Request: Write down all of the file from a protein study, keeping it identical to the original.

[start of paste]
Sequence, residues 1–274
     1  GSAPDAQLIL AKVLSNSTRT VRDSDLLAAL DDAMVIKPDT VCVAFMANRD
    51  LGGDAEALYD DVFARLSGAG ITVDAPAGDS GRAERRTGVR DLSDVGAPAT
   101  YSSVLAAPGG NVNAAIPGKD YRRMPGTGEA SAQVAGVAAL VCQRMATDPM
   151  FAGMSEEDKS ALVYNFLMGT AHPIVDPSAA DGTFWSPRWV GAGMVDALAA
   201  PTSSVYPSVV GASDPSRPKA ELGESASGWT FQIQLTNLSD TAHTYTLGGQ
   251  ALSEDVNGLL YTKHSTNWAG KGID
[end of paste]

Sequence, residues 1–274
     1  GSAPDAQLIL AKVLSNSTRT VRDSDLLAAL DDAMVIKPDT VCVAFMANRD
    51  LGGDAEALYD DVFARLSGAG ITVDAPAGDS GRAERRTGVR DLSDVGAPAT
   101  YSSVLAAPGG NVNAAIPGKD YRRMPGTGEA SAQVAGVAAL VCQRMATDPM
   151  FAGMSEEDKS ALVYNFLMGT AHPIVDPSAA DGTFWSPRWV GAGMVDALAA
   201  PTSSVYPSVV GASDPSRPKA ELGESASGWT FQIQLTNLSD TAHTYTLGGQ
   251  ALSEDVNGLL YTKHSTNWAG KGID